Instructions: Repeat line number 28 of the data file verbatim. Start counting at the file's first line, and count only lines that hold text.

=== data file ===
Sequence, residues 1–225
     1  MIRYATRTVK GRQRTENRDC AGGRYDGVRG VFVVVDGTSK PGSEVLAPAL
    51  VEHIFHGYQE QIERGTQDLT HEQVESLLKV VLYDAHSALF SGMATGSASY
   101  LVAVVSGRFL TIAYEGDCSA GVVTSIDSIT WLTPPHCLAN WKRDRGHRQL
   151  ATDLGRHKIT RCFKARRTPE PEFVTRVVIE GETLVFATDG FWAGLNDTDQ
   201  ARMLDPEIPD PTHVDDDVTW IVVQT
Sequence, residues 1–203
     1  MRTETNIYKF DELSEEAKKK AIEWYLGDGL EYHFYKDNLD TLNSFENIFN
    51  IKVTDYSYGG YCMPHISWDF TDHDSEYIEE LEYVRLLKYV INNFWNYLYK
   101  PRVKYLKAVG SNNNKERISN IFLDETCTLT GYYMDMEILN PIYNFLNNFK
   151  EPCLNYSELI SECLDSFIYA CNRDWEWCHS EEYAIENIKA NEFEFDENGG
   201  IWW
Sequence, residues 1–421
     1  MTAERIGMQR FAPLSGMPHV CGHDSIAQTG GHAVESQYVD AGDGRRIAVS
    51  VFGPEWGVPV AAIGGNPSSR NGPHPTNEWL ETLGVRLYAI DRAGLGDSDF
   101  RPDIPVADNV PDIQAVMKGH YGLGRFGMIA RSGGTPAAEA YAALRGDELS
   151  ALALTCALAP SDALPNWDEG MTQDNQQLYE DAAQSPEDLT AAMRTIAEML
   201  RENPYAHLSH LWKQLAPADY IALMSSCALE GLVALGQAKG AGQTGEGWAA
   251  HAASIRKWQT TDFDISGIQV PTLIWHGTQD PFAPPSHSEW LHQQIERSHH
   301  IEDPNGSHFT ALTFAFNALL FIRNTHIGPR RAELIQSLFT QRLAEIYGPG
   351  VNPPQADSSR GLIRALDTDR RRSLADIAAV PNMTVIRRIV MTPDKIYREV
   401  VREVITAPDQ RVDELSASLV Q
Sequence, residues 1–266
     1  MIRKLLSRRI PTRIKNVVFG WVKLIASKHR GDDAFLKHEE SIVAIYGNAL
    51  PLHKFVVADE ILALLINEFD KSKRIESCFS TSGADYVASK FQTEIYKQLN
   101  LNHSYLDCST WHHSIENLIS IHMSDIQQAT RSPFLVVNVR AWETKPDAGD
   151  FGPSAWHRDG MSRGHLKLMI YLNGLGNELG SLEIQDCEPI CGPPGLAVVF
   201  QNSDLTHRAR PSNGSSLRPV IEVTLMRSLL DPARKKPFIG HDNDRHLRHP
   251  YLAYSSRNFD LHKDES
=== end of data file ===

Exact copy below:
   201  QNSDLTHRAR PSNGSSLRPV IEVTLMRSLL DPARKKPFIG HDNDRHLRHP